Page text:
Things are unexpected, uncertain, everything is so much not what we think it is, there are no assumptions. The Western point of view that it ‘shouldn’t be’ like that – it ‘should be’ like this, is a concept imposed on a living organism, alive and moving. If I allow the organism to be as it is, I can disengage from the mind state where I think it’s something it’s not, and everything that’s currently bothering me about that disappears. I choose to be with the uncertainty of it, more and more; look at the dilemma of suffering without attaching to it; and challenge my tendency to see it in terms of a constructed self: anicca, dukkha, anatta – impermanence, suffering and no ‘self’.

Dl_departuresArrive at the airport, check in, and through to Departures, happy to be in these ‘normal’ surroundings …the flight for Bangkok is now ready for boarding… I’m just a visitor, on my way to somewhere else. It’s difficult for me to have the infrastructure poking through into the way I choose to see things, because usually I have negativity and unpleasantness hidden away. Since childhood, my belief has been based on affirmative statements: the act of creation and the idea of a heaven… only pretty words. The truth is that ‘heaven’ is a reality beyond description – language doesn’t go that far. This kind of childlike ‘heaven’ is a fiction, not real in the sense that I am in the real world; the nuts-and-bolts of conscious experience, the present state of affairs. This here-and-now reality is fundamentally the same as it was 2,600 years ago, in the time of the Buddha, here in India.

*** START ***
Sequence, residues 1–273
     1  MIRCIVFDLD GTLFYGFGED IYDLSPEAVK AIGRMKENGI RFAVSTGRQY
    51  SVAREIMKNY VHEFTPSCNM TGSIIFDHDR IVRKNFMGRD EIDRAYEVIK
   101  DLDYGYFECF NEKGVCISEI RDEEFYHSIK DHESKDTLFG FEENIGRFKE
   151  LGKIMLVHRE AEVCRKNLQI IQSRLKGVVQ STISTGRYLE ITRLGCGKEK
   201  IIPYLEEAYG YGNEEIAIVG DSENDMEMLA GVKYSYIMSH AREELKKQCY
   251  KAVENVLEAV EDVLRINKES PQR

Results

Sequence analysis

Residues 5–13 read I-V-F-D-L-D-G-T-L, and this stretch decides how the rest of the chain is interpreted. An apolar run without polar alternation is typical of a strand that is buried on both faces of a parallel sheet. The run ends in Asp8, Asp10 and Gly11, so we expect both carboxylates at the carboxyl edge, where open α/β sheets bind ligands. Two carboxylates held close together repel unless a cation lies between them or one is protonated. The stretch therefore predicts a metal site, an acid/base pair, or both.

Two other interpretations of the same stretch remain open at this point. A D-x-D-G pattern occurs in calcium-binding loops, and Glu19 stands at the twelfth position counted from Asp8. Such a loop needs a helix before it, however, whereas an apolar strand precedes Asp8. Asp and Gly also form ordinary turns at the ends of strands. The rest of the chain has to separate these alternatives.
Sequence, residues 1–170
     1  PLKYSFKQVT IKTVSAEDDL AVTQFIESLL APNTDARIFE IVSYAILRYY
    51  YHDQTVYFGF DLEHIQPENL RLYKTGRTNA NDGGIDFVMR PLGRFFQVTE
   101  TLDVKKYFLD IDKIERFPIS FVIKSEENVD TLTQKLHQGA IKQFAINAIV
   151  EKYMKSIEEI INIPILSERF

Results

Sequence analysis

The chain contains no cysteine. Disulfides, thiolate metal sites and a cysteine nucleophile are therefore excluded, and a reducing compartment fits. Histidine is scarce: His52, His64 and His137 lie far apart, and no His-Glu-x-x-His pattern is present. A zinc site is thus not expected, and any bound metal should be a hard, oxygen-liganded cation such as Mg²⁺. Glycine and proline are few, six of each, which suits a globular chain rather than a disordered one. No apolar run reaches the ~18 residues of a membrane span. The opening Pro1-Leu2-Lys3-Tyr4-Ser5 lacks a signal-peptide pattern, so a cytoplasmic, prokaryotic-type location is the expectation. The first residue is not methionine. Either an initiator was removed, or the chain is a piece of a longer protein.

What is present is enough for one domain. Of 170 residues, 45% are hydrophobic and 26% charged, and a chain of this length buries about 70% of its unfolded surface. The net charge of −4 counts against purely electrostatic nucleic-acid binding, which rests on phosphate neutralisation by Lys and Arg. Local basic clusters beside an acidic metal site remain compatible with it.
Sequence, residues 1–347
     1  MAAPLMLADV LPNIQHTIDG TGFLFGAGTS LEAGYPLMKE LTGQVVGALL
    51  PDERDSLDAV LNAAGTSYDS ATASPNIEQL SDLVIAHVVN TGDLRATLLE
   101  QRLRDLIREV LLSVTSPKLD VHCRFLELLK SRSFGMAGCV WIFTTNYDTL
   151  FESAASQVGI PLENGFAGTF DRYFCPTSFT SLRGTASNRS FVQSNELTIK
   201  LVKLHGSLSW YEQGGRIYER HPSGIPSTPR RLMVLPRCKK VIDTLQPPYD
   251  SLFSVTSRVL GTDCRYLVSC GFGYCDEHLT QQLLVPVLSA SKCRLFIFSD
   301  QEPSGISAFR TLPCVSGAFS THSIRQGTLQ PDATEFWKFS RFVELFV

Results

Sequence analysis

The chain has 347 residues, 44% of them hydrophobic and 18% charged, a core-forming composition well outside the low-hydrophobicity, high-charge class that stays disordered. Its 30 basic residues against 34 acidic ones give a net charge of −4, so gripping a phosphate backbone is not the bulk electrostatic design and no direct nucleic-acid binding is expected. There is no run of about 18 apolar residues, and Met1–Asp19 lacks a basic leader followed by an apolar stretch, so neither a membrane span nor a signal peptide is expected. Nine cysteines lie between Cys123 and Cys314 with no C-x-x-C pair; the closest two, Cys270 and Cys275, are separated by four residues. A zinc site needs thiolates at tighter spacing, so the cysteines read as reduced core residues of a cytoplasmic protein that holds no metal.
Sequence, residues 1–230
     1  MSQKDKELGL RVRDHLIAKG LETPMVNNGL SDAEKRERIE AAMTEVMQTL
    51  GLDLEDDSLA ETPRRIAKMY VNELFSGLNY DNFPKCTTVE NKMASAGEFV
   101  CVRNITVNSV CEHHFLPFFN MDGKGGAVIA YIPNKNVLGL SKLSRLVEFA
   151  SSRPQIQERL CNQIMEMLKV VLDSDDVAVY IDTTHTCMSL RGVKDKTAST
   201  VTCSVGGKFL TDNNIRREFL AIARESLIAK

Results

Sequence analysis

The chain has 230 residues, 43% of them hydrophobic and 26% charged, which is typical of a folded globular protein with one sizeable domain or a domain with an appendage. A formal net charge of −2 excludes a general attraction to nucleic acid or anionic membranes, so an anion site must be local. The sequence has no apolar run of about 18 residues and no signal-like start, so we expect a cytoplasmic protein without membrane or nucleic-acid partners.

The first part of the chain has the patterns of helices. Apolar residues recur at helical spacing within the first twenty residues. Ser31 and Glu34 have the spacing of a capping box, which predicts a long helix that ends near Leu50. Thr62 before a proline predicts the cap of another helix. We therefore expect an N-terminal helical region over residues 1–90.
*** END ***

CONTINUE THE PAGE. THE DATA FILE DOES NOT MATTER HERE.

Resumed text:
What I’m trying to do now is to resolve the issue of fearful uncertainty by accepting the fact that there is an underlying sense of suffering (1. dukkha) in life and I need to contemplate this feeling with forbearance, rather than run away from it all the time. The direction this contemplation takes is simply to find out what it is I’m doing that’s causing the suffering (2. tanha), and stop doing that. It’s about letting go of whatever it is that’s causing it and I notice when that happens, the suffering stops (3. nirodha). This insight suggests there is a possibility I can stop the suffering completely and I follow the guidelines (4. magga) that show me how to do this consciously, in daily life. [The Four Noble Truths]

Time to go now, hand over the boarding pass to the Thai staff, she separates it along the perforation and hands me back the tab with my seat number. Goodbye India! I’ll be back in two months. Laptop bag on shoulder, and off down the passageway to the aircraft…

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–  G  R  A  T  I  T  U  D  E  –
The subject matter and title of this post indirectly inspired by: Forbearance by Norman Fischer http://standinginanopenfield.wordpress.com/2013/05/19/forbearance-by-norman-fischer/ Also mentioned in that site, a comment by Dominic724: ‘Without forbearance it’s just a pile of pretty words’. The ‘pretty words’ comment triggered a memory of the Joni Mitchell song titled: ‘The Last Time I Saw Richard’ (1970) and ‘pretty lies’ (When you gonna realize they’re only pretty lies …). Lower picture image: Delhi Airport Departures